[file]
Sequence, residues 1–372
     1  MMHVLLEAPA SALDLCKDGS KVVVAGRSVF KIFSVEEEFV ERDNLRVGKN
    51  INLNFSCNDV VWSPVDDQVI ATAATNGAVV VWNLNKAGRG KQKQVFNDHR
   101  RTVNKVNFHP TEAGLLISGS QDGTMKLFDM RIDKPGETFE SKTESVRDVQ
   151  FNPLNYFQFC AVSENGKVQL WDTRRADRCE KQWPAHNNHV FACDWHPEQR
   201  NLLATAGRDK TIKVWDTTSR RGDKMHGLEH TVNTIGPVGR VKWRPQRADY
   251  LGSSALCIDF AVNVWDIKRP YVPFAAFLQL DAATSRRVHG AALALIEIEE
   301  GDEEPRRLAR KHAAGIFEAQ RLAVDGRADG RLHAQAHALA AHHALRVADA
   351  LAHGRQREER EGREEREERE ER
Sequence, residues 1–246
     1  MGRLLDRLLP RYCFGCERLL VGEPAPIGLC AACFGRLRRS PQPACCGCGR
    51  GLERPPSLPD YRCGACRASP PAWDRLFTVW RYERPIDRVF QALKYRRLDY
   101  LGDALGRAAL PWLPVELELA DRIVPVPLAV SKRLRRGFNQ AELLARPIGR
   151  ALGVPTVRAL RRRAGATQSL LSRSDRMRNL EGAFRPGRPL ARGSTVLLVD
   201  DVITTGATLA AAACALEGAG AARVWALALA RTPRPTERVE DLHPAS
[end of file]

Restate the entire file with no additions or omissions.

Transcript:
Sequence, residues 1–372
     1  MMHVLLEAPA SALDLCKDGS KVVVAGRSVF KIFSVEEEFV ERDNLRVGKN
    51  INLNFSCNDV VWSPVDDQVI ATAATNGAVV VWNLNKAGRG KQKQVFNDHR
   101  RTVNKVNFHP TEAGLLISGS QDGTMKLFDM RIDKPGETFE SKTESVRDVQ
   151  FNPLNYFQFC AVSENGKVQL WDTRRADRCE KQWPAHNNHV FACDWHPEQR
   201  NLLATAGRDK TIKVWDTTSR RGDKMHGLEH TVNTIGPVGR VKWRPQRADY
   251  LGSSALCIDF AVNVWDIKRP YVPFAAFLQL DAATSRRVHG AALALIEIEE
   301  GDEEPRRLAR KHAAGIFEAQ RLAVDGRADG RLHAQAHALA AHHALRVADA
   351  LAHGRQREER EGREEREERE ER
Sequence, residues 1–246
     1  MGRLLDRLLP RYCFGCERLL VGEPAPIGLC AACFGRLRRS PQPACCGCGR
    51  GLERPPSLPD YRCGACRASP PAWDRLFTVW RYERPIDRVF QALKYRRLDY
   101  LGDALGRAAL PWLPVELELA DRIVPVPLAV SKRLRRGFNQ AELLARPIGR
   151  ALGVPTVRAL RRRAGATQSL LSRSDRMRNL EGAFRPGRPL ARGSTVLLVD
   201  DVITTGATLA AAACALEGAG AARVWALALA RTPRPTERVE DLHPAS